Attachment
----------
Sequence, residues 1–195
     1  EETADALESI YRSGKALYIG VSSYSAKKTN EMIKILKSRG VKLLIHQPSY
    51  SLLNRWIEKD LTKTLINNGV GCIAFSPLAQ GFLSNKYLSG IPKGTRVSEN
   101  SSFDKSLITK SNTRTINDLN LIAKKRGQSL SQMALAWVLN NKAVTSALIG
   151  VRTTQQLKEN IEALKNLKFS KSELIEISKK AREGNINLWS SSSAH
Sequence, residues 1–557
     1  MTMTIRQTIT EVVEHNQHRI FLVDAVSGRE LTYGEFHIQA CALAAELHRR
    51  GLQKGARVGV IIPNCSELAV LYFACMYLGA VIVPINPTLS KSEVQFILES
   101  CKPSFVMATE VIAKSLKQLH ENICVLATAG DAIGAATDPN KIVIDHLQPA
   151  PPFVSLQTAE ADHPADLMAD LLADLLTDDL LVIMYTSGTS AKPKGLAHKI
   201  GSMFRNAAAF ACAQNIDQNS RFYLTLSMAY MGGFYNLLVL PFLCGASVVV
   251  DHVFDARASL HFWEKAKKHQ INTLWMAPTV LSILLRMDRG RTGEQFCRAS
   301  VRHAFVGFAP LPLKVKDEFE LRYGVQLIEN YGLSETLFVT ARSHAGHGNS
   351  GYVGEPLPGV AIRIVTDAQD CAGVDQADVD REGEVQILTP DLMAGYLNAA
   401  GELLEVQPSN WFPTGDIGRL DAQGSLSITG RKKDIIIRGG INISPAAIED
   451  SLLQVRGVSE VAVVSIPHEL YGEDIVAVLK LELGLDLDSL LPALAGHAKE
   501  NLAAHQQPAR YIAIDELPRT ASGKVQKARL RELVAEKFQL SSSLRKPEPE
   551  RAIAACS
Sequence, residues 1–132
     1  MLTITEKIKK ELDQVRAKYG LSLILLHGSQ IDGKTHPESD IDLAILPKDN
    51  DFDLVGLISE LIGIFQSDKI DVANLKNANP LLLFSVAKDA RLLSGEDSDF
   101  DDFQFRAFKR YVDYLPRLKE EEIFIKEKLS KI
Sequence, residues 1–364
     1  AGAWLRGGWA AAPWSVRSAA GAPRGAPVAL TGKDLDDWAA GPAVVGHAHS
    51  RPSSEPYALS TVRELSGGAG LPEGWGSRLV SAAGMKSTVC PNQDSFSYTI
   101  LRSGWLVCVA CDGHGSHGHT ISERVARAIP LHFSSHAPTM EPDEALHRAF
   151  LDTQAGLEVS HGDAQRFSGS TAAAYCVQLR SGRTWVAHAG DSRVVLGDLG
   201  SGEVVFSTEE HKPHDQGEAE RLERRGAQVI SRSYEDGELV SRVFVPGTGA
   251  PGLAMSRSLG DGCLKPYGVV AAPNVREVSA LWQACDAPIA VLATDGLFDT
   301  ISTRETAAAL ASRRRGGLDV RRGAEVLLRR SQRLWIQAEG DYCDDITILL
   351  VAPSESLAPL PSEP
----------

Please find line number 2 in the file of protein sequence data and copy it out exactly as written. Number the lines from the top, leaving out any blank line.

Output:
     1  EETADALESI YRSGKALYIG VSSYSAKKTN EMIKILKSRG VKLLIHQPSY